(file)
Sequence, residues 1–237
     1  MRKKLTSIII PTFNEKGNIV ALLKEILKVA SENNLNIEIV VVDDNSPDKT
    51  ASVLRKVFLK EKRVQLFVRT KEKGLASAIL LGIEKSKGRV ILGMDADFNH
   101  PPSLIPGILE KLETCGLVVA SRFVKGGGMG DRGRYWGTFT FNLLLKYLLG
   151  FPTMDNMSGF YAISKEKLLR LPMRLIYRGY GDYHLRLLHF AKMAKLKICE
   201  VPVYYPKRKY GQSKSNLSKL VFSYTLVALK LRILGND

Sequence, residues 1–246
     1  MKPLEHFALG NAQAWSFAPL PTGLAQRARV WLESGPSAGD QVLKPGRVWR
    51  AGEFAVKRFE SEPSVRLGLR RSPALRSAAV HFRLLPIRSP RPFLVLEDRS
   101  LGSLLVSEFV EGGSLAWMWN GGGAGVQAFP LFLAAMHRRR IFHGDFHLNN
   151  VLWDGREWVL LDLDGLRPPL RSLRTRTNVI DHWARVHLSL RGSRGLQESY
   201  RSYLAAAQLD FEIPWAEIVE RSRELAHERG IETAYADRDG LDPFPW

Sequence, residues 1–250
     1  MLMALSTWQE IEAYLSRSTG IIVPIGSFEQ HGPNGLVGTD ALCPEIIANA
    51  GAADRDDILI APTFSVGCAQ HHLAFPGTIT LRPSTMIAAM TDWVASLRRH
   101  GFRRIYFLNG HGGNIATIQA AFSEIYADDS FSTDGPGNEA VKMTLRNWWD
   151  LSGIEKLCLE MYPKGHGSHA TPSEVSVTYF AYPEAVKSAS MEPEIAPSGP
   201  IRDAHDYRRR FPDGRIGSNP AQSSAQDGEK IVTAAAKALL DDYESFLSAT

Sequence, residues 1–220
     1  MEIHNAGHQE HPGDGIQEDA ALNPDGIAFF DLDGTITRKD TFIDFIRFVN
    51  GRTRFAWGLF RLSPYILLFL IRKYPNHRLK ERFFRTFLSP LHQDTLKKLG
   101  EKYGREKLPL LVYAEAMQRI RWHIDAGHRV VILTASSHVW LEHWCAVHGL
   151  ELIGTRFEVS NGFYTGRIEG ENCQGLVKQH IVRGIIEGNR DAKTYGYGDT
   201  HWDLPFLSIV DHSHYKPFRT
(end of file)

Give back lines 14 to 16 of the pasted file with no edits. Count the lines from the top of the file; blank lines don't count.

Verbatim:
     1  MLMALSTWQE IEAYLSRSTG IIVPIGSFEQ HGPNGLVGTD ALCPEIIANA
    51  GAADRDDILI APTFSVGCAQ HHLAFPGTIT LRPSTMIAAM TDWVASLRRH
   101  GFRRIYFLNG HGGNIATIQA AFSEIYADDS FSTDGPGNEA VKMTLRNWWD